Morocco, Spain patch up diplomatic feud after Spanish shift on Western Sahara

Spanish Prime Minister Sanchez meets with Moroccan King Mohammed VI at the Royal Palace in RabatSpanish Prime Minister Sanchez meets with Moroccan King Mohammed VI at the Royal Palace in Rabat

Morocco said on Thursday it will open a new page in its ties with Spain, apparently ending a diplomatic crisis after Madrid supported Rabat on the question of sovereignty over Western Sahara.

During a meeting in Rabat, King Mohammed VI and Spanish Prime Minister Pedro Sanchez “reiterated their willingness to usher a new phase, based on mutual respect, mutual trust, permanent consultation and frank and loyal cooperation,” a statement issued by the Royal Palace said on Thursday.Spanish Prime Minister Sanchez meets with Moroccan King Mohammed VI at the Royal Palace in Rabat

It also said Sanchez reaffirmed a position he has expressed last month, describing Morocco’s autonomy plan for Western Sahara as “the most serious, realistic and credible” basis for solving the conflict.

Last month’s Spanish statement showed a shift in the country’s policy in favour of Morocco’s claim to the territory, a former Spanish colony, where the Algeria-backed Polisario Front seeks to establish an independent state.

The shift was heavily criticized in Spain where a wide majority of lawmakers, including from the left- and right-wing opposition as well as Unidas Podemos, the junior government partner to Pedro Sanchez’s Socialist Party, voted a resolution against the foreign policy change. “What is not understandable is this turn from the Socialist Party,” Labour Minister Yolanda Diaz, from Unidas Podemos, said after the vote. “I suspect it is related to the prime minister’s trip.”Spanish Prime Minister Sanchez meets with Moroccan King Mohammed VI at the Royal Palace in Rabat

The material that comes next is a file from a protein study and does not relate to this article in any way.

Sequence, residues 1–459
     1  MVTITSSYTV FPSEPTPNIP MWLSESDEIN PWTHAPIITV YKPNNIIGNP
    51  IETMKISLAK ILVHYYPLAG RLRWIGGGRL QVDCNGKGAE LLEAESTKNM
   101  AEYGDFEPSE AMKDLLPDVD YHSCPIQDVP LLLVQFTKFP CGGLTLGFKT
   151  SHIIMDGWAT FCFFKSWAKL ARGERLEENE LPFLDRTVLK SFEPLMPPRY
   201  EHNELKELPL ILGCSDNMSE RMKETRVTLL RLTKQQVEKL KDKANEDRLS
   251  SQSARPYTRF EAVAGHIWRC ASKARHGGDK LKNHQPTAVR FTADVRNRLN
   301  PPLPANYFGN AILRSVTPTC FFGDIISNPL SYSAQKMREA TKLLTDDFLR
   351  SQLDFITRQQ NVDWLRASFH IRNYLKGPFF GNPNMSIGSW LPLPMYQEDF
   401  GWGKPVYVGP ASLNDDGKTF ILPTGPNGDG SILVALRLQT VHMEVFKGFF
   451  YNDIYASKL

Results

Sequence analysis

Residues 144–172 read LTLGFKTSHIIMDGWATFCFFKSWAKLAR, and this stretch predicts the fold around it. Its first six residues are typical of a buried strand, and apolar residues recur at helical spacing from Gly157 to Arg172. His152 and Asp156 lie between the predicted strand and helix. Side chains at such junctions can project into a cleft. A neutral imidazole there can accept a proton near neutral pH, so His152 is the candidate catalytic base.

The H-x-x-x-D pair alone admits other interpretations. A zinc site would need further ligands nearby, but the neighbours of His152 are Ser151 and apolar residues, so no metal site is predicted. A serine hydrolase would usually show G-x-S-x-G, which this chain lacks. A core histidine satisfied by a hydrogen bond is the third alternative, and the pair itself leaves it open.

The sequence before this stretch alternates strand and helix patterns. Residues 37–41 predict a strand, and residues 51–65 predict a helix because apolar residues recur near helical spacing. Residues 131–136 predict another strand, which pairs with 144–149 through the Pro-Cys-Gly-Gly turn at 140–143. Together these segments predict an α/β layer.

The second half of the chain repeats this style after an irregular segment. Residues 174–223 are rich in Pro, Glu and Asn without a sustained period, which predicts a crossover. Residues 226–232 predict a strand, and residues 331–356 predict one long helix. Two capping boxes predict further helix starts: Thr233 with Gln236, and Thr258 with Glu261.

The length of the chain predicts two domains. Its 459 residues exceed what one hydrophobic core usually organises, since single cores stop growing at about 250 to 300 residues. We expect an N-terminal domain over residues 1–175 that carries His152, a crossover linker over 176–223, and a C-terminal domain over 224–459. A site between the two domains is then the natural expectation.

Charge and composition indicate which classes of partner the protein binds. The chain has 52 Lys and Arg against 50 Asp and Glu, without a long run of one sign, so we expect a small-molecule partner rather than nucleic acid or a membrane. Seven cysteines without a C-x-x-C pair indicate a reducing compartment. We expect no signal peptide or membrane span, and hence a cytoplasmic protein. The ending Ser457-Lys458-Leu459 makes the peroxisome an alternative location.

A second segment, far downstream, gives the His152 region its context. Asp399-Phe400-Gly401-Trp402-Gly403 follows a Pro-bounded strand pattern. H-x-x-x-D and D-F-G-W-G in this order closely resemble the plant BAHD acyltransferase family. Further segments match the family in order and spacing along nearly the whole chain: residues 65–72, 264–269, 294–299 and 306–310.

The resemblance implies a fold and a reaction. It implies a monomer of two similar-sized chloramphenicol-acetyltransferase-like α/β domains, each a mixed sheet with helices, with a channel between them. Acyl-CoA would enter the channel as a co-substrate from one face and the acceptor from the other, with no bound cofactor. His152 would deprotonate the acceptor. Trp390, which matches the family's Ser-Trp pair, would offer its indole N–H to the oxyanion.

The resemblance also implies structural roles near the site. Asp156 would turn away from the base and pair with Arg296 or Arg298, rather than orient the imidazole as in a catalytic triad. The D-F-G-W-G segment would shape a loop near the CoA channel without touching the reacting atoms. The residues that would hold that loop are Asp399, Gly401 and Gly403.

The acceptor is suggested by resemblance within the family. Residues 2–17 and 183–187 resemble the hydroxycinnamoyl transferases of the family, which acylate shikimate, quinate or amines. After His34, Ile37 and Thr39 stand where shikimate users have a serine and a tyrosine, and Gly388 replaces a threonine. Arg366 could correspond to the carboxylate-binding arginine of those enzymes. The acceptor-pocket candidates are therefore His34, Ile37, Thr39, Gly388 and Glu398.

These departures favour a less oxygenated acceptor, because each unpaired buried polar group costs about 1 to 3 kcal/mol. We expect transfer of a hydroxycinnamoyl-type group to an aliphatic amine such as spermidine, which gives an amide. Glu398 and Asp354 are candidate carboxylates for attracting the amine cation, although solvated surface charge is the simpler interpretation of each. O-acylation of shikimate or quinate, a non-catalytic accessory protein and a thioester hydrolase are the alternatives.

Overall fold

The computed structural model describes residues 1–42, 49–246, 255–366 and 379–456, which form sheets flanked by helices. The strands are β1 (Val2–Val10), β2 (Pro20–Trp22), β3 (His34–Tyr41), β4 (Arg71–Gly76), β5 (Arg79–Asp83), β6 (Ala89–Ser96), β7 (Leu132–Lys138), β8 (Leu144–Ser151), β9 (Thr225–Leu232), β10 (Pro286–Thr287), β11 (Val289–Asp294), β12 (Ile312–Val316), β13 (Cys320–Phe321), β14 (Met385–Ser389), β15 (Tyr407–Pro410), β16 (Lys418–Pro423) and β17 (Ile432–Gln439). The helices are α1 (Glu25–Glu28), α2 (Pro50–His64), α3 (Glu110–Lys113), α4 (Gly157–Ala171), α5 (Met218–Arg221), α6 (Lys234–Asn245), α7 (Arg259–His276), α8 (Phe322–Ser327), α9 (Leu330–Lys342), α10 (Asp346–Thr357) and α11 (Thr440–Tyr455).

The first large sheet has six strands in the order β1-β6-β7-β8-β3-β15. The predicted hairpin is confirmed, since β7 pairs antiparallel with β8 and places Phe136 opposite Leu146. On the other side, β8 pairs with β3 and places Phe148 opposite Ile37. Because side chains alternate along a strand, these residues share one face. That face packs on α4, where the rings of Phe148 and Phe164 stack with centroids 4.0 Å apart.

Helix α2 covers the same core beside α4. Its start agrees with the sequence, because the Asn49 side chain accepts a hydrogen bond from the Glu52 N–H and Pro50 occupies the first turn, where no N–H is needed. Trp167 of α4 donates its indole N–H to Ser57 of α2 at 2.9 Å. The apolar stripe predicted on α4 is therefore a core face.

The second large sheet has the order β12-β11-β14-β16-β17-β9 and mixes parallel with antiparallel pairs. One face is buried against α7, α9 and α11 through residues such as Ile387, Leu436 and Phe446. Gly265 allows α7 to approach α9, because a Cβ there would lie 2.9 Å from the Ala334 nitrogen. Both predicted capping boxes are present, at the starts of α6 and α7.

Spain is Morocco’s main trading partner and the two countries have worked together on issues including migration, anti-terrorism and energy. The diplomatic move though has strained the relationship between Madrid and Morocco’s arch-rival in the region, Algeria, which supplies gas to Spain.

The relationship between Spain and Morocco had turned glacial last year after Spain admitted Polisario leader Brahim Ghali for medical treatment, without officially telling Rabat. While he was hospitalized, Moroccan authorities appeared to relax border controls with Ceuta, a Spanish enclave in northern Morocco, leading to an influx of at least 8,000 migrants, most of whom were later returned.

The Spanish support for the autonomy plan comes after similar positions by the United States, Germany, France, Israel and other countries in Africa and the Arab world. Polisario Front and Algeria reject autonomy and insist on holding an independence referendum.Spanish Prime Minister Sanchez meets with Morocco's Prime Minister Akhannouch in Rabat

The United Nations has urged parties to the conflict to negotiate in a spirit of compromise towards a “mutually acceptable solution”.

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